Verde has style to spare, great cocktails
The smoked chicken flautas with their crispy tortillas and crunchy cabbage salad at Verde Mexican Kitchen.
The bar at Verde.
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Verde Mexican Kitchen and Cantina opened in Garfield in mid-November. But thanks to owner Jeff Catalina's active presence on Twitter, Facebook and the restaurant blog, by the time Verde opened its doors, the upscale restaurant was already a well-known member of the Pittsburgh dining scene.
Other restaurateurs should take note -- Mr. Catalina created an impressive amount of buzz with relatively little effort, and that buzz has undoubtedly played a role in Verde's constantly crowded dining room.
The restaurant has other assets besides its social media presence. It's strong on style, with colorful lights gleaming through the all-glass facade, which is tucked beneath the angular Glass Lofts. Inside, the sprawling dining room is anchored by a curved bar and a striking display of the restaurant's impressive tequila collection (170 bottles and counting), as well as vibrant murals created by local artist Gabe Felice.
2 stars = Very good
2 stars = Very good
3 stars = Excellent
2 1/2 stars = Very good+
5491 Penn Ave.
- Hours: Dinner: Mondays-Thursdays, 5-10 p.m.; Fridays-Saturdays, 5-11 p.m.; Sundays, 5-9 p.m.; Cantina: Mondays-Thursdays, 5-11 p.m.; Fridays-Saturdays, 5-midnight; Sundays, 5-10 p.m.
- Summary: Tasty Mexican cooking in a colorful, comfortable space with a fantastic, tequila-focused drink program.
- Recommended dishes: Flautas, queso fundido with house-made chorizo, pozole verde, enchiladas de verduras, carne asada, tres leches bread pudding.
- Prices: Appetizers, $4-$10; entrees, $11-$23; sides, $3-$4; desserts, $8.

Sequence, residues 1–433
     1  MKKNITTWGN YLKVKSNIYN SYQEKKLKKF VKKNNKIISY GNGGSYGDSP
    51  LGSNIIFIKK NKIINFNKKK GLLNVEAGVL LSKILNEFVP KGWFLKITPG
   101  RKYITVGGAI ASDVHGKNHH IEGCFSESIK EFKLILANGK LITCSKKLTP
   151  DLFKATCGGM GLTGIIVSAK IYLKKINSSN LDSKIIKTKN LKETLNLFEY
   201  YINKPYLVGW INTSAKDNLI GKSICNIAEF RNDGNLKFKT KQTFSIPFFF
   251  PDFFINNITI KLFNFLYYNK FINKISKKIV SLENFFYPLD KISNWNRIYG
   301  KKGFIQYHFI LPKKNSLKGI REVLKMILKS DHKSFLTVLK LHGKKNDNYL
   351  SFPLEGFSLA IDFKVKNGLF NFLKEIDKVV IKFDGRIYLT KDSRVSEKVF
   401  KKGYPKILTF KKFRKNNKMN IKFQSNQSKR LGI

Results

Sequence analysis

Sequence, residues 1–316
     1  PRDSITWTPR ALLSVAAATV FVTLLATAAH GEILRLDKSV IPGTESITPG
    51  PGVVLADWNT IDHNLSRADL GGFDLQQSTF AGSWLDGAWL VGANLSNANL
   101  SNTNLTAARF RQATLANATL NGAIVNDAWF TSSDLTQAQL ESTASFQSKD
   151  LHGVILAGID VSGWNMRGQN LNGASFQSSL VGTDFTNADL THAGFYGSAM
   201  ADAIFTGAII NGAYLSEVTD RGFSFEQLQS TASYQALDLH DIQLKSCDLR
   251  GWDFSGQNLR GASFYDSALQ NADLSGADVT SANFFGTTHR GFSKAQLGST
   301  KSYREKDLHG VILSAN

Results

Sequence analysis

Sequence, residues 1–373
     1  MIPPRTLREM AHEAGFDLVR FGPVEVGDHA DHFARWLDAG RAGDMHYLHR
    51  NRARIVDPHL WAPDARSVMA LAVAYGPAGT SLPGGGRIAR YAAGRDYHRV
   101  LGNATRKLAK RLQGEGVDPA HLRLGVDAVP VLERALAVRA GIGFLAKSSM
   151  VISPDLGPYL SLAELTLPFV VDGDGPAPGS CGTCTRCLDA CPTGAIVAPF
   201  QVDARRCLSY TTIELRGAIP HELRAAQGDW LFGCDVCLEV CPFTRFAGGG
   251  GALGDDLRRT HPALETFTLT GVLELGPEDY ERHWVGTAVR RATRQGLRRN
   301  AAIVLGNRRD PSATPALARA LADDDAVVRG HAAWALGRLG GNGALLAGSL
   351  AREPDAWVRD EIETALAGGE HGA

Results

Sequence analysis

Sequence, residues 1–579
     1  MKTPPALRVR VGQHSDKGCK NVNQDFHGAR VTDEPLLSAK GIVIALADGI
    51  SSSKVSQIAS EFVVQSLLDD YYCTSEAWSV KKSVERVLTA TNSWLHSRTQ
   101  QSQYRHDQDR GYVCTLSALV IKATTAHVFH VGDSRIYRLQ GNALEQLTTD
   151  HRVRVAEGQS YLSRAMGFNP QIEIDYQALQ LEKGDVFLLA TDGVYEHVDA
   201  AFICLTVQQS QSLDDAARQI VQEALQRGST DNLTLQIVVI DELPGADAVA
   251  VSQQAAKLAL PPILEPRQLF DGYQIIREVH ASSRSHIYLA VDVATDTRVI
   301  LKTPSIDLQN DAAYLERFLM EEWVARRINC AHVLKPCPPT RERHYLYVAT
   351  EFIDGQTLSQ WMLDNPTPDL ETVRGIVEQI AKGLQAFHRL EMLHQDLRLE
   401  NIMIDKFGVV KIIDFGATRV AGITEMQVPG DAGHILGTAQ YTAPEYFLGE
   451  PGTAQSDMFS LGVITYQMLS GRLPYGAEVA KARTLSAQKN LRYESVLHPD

- Drink: This tequila-focused bar offers more than 170 tequilas and mezcals to sample and explore as single pours (starting at $6) or flights (starting at $7); the cocktail list includes classic and creative margaritas, as well as other well-crafted drinks, $7-$14; there's also a small list of bottled beers and a rotating draft list; the focused wine list offers four whites and four reds by the glass (starting at $7) and bottle (starting at $27) and one sparkling wine by the bottle only.
- Useful information: : Wheelchair accessible; credit cards accepted; reservations strongly encouraged; corkage, $5.
- Noise level: Medium loud to extremely loud.
Verde sets a lively scene. But a restaurant is ultimately only as impressive as the food that it serves, no matter how pretty the Moravian star lights.
Happily, Verde's kitchen, led by executive chef Lynette "Elbee" Bushey, is producing a number of well-executed, flavorful dishes. One basket of crisp, freshly cooked tortilla chips and tart-sweet tomatillo salsa come gratis, a great accompaniment to thirst-quenching cocktails like the copa de fuego, a warming mix of tequila, lime, jalapeno and cardamom, or the lively pina al pastor with tequila, pineapple and cilantro ($10).
There are stick-to-your-ribs appetizers, too, like the queso fundido, a cast-iron skillet of gooey cheese, even more indulgent if topped with spicy, just a touch greasy house-made chorizo ($10). A shrimp and bay scallop ceviche was much lighter, but still generously portioned, the cool seafood seasoned with a tomato salsa and pickled beets and served with thin plantain chips.
Don't miss the pozole, a thin stew of tender braised pork shoulder and starchy hominy ($8). The thin, milky broth was richly flavored and incredibly soothing, but acidity and heat kept each bite fresh. The soup was garnished with toasted pumpkin seeds and served with sliced cabbage, radishes and lime wedges. The large bowl probably belongs on the entree menu, but wherever it's placed, it's a spectacular dish.